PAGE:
A legal win for Fresno City Councilmembers Garry Bredefeld and Luis Chavez means they’ll have the ability to move their campaign funds to their races for the County Board of Supervisors.
Fresno Superior Court Judge Jonathan Skiles ruled Friday against Fresno County’s campaign fundraising law limiting the amount a candidate for supervisor can transfer from another fund.
The county limited transfers to $30,000, whereas incumbents had no limits on money from previous campaigns.
Bredefeld and Chavez challenged the law. And, in response to both candidates saying they would defy the law, the county in March decided to sue the two councilmembers.
Bredefeld moved his $220,000 campaign war chest months ahead of the ruling.
“It was a complete victory for me,” Bredefeld said. “The judge ruled that the ban that the county board of supervisors tried to do was unconstitutional, we knew that from the very beginning. This is a complete misuse of taxpayer money using county lawyers.”
Chavez said with the ruling, he would now transfer the funds.
“I am grateful for Judge Skiles’ ruling on this irresponsible lawsuit against Councilman Bredefeld,” Chavez said. “It is a dangerous precedent when government officials use their power and position and taxpayer dollars to weaponize the county’s legal department for blatant political purposes.”
Chavez is running for the District 3 seat — covering much of south Fresno and surrounding communities — against incumbent Sal Quintero, fellow Fresno City Councilman Miguel Arias, and educator EJ Hinojosa.
Bredefeld is running for the District 2 seat — covering much of north Fresno and part of Clovis — against incumbent Steve Brandau and Fresno County Assessor Paul Dictos.
County Campaign Fund Law a Violation of Free Speech: Judge Skiles
Skiles ruled that the campaign fund law violated free speech, according to a release from Fresno City Attorney Andrew Janz. The trial lasted the afternoon.
Janz’ office filed an amicus brief last week highlighting legal issues with the county’s lawsuit.
“Although the Court did not rely on our brief in reaching its ruling, the Court’s oral decision was nearly identical to our position in our moving papers,” Janz said in a statement. “It was clear from the very beginning that the County’s position violated the First Amendment of the U.S. Constitution.”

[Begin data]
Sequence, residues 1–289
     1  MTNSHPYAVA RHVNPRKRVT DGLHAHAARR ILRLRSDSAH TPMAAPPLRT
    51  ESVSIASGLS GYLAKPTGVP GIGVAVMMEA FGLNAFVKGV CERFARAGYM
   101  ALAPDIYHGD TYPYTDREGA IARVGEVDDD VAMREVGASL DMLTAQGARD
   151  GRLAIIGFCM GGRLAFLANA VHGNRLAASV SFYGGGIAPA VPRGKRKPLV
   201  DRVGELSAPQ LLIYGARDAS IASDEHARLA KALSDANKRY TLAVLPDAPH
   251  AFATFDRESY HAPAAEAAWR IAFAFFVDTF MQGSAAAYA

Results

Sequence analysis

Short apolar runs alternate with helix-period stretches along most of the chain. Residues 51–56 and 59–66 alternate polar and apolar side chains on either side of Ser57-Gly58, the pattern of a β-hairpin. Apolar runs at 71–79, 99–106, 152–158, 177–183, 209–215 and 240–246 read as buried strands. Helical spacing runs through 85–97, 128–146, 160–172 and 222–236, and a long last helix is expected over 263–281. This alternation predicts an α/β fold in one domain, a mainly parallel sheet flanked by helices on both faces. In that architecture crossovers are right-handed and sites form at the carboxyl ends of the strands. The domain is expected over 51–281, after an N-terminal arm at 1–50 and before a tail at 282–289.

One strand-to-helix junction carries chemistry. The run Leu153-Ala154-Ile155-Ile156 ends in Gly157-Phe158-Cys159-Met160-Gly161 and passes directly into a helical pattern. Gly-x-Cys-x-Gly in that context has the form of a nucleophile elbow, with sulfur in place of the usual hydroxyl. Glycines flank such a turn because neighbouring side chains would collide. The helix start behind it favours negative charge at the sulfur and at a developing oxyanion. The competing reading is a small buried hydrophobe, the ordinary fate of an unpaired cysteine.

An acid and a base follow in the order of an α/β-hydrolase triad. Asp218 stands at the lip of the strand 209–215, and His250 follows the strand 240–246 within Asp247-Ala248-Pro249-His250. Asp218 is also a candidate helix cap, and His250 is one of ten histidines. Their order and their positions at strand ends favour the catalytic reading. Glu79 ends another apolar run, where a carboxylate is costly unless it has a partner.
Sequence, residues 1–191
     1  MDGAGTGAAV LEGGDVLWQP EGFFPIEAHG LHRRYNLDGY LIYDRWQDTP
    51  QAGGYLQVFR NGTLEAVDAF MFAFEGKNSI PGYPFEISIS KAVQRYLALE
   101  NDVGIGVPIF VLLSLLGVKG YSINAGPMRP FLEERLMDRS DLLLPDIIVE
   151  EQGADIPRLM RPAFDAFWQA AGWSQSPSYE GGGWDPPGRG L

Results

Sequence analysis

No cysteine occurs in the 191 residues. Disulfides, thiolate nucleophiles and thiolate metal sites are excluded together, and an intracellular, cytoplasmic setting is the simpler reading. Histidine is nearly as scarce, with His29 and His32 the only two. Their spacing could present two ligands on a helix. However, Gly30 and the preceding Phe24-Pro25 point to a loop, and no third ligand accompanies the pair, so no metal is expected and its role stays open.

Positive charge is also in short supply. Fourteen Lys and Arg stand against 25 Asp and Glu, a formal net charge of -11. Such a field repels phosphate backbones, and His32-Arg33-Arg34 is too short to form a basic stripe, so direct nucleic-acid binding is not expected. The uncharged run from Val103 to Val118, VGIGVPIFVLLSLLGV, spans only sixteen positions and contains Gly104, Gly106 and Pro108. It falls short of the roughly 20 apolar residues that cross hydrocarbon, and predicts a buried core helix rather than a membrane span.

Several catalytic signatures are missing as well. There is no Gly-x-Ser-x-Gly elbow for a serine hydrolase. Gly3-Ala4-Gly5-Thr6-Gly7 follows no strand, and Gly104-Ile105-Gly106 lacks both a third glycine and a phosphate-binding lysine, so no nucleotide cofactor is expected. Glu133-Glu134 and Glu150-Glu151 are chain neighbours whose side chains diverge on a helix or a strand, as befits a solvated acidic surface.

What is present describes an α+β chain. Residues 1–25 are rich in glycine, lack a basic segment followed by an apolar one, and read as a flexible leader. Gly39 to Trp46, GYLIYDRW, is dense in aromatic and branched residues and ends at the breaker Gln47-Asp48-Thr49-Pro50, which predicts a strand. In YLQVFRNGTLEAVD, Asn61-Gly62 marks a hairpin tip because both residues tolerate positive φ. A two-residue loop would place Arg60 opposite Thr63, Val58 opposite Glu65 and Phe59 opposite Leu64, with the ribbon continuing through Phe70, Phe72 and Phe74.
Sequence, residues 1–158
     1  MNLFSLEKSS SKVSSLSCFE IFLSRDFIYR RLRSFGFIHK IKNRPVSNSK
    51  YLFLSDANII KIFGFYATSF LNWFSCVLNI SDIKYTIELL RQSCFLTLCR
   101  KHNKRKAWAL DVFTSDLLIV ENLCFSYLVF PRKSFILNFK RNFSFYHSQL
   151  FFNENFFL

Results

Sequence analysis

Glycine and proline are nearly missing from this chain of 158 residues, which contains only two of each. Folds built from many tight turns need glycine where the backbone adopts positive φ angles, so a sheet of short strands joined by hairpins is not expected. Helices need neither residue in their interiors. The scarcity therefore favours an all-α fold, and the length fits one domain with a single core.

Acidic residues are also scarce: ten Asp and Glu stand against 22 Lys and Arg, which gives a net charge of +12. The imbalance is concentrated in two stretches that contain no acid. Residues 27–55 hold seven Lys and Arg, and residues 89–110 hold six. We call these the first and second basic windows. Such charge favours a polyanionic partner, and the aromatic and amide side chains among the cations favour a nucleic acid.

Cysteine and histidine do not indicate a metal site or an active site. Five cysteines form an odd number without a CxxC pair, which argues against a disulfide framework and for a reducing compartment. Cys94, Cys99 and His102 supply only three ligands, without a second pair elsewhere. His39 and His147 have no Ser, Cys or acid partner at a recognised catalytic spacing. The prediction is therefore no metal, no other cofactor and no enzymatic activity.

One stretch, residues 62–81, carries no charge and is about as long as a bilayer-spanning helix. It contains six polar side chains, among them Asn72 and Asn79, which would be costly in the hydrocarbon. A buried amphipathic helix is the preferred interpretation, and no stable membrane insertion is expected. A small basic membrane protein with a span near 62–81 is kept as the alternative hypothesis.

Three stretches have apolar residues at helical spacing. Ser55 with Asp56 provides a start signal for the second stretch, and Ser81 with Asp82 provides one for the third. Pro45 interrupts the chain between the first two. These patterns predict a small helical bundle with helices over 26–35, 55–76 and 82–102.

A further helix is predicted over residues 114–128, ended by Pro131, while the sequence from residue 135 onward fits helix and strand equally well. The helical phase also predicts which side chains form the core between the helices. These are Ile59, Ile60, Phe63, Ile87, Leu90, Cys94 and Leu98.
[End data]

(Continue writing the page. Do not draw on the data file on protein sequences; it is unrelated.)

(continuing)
Courts have consistently ruled that campaign contributions are an exercise of free speech in an election.
“They were trying to limit the freedom of speech,” Bredefeld said. “When you have donors who donate to you, contribute, they are supporting you as a candidate and they’re encouraging your effort to speak about issues and the important things going on in the community.”
Bredefeld called on supervisors to reimburse the county for legal fees on the lawsuit.
A call made to Brandau seeking comment was not immediately returned, and Quintero declined to comment.
County Says Ruling Doesn’t Stop Campaign Finance Ordinance
In a statement, county public information officer Sonja Dosti said the judge’s narrow ruling doesn’t apply to the ordinance as a whole.
“The court was not ruling any part of the County’s ordinance unconstitutional as written,” Dosti said in a email to GV Wire. “The ordinance is still fully in effect. That said, the judge found that the County’s limit could not be applied to the narrow circumstances involving intra-candidate transfers of funds from old campaign accounts.”
Dosti said the county disagrees with Skiles’ ruling and will consider its options with respect to appeal.
“The County of Fresno filed this lawsuit to determine if it complied with state law AB 571 that allowed limits to be placed on transfer from candidates’ accounts outside of County offices,” Dosti said. “This lawsuit did not target individuals, but was an attempt to settle conflicting questions on the matter.”